In a long line of cases before our Supreme Court and this Court, the courts have consistently held that these courts have no jurisdiction over matters pertaining to the rights of persons over Swazi Nation Land. Such jurisdiction rests with the applicable local or traditional authority. In this case, that authority is the Masundvwini Royal Residence. (See the case of Phildah Khumalo v Mashovane Khumalo, Civil Case 2023/2007, which was cited with approval by Mlangeni J in Case 1523/2015 above).
 The Masundvwini Royal Kraal as per annexure C (at page 36 of The Book of Pleadings) at one stage dealt with the matter; in one form or another. In the said deliberations, the Chairman of The Inner Council, which is the supreme authority therein, issued a written acknowledgement or certification that David and Bongani Cindzi (2nd Applicant) were known in the area and ‘recommended that’ they be given the necessary assistance. This letter or certification is dated 04 February 2016.
 As appears from prayer 3 quoted above, the applicants want this court to order or direct the First Respondent to pay to them the compensation due to them as ordered by the Masundvwini Royal Kraal. Although the word “advice” rather than order is used in that prayer, I think the tenor or import thereof is very clear and it is this: “Masundvwini Royal Residence has ordered that we be paid compensation. This court must endorse that order and accordingly compel the First Respondent to comply therewith.”
 From the above facts, it is plain to me that this is a matter that has to be heard by the relevant traditional authority or structures. That authority is the Masundvwini Royal Residence. In fact the decision has been taken and this court is being asked to order compliance therewith. This court, in my judgment, cannot and must not be used as a forum to rubberstamp judgments of other appropriate and legitimate fora or structures. To my mind, structures under Swazi Law and Custom have their own mechanisms or methods of execution or enforcement of their own judgments and orders. A duplication in the enforcement of such orders is not desirable or advisable at all. It is quite unnecessary in fact and this court must, as a general rule always decline to meddle or interfere in such matters.’
These remarks are opposite in this application and I hereby repeat them.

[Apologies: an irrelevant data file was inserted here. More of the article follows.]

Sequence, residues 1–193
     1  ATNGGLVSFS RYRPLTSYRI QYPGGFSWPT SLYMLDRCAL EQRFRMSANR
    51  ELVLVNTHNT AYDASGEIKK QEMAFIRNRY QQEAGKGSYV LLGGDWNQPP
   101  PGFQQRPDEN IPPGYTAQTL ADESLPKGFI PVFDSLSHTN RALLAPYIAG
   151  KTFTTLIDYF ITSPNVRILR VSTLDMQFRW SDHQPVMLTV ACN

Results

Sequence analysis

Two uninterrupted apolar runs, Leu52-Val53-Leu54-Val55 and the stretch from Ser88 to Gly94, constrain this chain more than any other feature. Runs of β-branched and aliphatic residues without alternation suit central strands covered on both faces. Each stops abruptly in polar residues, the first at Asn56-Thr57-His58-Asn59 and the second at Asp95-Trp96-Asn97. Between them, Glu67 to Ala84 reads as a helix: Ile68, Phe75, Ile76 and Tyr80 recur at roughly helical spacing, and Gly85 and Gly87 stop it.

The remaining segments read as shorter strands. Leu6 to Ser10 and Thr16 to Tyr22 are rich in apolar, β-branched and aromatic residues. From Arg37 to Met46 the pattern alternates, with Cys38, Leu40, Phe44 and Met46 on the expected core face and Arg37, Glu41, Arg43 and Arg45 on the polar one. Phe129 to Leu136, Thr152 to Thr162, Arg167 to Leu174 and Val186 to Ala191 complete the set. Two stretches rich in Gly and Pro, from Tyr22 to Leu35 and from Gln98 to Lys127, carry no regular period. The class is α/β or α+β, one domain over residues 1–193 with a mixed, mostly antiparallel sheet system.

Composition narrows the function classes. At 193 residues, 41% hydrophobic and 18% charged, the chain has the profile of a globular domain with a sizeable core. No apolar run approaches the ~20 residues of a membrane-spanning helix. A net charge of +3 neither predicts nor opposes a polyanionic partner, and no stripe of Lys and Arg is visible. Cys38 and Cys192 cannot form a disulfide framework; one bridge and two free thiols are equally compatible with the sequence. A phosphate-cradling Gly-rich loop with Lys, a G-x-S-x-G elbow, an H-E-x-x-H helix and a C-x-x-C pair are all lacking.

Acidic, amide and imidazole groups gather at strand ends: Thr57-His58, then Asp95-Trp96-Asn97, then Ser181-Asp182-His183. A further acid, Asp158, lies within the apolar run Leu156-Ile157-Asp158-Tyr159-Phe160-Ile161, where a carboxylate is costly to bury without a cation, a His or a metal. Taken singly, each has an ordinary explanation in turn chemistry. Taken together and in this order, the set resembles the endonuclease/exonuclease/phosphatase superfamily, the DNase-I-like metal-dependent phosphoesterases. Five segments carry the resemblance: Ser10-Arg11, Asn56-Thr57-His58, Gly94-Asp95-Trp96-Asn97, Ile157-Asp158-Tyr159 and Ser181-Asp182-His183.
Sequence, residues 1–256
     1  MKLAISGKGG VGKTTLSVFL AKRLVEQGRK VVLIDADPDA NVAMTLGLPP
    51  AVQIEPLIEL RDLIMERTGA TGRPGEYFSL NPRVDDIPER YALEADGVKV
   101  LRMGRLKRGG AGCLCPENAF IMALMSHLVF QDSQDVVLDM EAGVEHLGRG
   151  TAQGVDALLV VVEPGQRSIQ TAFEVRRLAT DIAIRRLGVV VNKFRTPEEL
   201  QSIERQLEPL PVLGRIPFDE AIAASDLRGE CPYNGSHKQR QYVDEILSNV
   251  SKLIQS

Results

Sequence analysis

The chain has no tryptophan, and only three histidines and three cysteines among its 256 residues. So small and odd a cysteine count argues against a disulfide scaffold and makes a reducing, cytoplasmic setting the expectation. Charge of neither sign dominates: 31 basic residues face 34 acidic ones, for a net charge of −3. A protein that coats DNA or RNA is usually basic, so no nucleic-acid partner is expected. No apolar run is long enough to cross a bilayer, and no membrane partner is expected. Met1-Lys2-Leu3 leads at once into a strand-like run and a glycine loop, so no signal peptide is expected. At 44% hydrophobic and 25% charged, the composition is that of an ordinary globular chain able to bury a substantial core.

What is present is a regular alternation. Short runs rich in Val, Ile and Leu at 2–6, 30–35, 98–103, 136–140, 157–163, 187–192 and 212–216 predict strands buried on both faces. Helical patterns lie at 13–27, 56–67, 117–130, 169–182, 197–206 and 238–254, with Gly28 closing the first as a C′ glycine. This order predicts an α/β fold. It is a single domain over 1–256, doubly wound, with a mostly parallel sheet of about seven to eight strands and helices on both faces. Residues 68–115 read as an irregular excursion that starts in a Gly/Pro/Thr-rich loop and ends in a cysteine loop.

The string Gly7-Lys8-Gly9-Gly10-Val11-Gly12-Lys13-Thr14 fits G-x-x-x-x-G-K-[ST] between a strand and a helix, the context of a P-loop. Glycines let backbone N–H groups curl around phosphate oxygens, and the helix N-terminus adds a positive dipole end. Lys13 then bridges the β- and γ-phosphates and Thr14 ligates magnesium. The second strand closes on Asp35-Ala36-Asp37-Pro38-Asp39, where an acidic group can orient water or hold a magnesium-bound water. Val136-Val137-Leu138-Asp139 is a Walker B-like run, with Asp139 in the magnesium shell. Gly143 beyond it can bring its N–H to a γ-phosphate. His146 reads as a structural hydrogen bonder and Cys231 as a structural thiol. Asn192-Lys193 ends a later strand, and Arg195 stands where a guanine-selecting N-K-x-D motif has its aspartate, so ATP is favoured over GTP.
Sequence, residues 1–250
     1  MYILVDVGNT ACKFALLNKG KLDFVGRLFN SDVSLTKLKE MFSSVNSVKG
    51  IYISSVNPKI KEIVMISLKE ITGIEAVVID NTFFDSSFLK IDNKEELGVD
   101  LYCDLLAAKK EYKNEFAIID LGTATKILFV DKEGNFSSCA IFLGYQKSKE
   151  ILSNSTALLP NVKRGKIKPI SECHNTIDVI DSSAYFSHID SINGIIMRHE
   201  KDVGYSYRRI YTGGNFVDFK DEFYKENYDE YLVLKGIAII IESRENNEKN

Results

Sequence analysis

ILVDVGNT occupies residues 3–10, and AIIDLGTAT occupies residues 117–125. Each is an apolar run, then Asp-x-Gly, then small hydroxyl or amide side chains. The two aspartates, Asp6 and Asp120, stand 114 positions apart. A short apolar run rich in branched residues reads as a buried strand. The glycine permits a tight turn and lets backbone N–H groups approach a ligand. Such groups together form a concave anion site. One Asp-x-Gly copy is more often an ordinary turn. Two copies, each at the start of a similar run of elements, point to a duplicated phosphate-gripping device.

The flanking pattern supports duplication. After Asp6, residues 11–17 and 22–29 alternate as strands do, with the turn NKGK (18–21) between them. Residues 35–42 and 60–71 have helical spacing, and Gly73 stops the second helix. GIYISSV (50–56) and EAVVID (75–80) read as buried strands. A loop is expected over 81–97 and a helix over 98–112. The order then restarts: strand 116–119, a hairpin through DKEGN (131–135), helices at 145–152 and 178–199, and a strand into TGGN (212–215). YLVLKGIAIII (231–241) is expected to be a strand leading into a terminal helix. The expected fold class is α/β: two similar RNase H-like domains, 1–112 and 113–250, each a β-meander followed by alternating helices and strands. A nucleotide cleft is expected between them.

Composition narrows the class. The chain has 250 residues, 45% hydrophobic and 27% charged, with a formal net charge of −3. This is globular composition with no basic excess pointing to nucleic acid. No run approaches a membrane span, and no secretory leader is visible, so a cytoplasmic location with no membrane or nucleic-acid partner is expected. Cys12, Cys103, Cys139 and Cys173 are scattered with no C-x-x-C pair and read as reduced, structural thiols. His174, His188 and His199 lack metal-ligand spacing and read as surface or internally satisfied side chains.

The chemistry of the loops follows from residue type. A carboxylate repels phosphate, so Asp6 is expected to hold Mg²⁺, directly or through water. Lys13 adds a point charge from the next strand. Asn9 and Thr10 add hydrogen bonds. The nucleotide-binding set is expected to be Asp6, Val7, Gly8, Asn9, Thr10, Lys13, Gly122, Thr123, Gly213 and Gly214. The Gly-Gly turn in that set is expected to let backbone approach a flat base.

Counsel for the Applicant submitted that Cindzi’s (supra) case was wrongly decided and I should not follow it. In support of this contention I was referred to the judgment of this court in Maseko v Dlamini & Others (1568/2013)  SZHC 125 (19 June 2014) para 19 where Hlophe J stated:
‘Other than a bare assertion that this Court has no such jurisdiction, I have not been referred to any facts establishing such lack of jurisdiction or supporting such a contention, nor have I been referred to any law in the regard. There is no law that says disputes arising out of Swazi Nation land have to be dealt with only in terms of Swazi Law and Custom’. (The underlining has been added by me).
 I have not being given the full judgment in the Maseko case (supra). However, it is clear to me from the underlined sentence that the Learned Judge was referring to the lack of jurisdiction in the adjudication of ‘disputes arising out Swazi Nation Land’. That is not the issue in the instant case. The crisp issue for decision in these proceedings as already stated above, is the right or appropriateness of this Court having to rubber stamp or endorse, for purposes of execution or enforcement, an order already issued by another competent court or authority. That other court or authority must enforce or execute and regulate its own judgments or orders. That is the ratio decided in Cindzi (supra). I have not been persuaded that I was wrong in that judgment. Therefore I cannot recant my views expressed therein.
 For the foregoing reasons, the application was, immediately after submissions, refused.
FOR THE APPLICANT: MR. S. BHEMBE
FOR THE 1ST RESPONDNET: MR. M. THWALA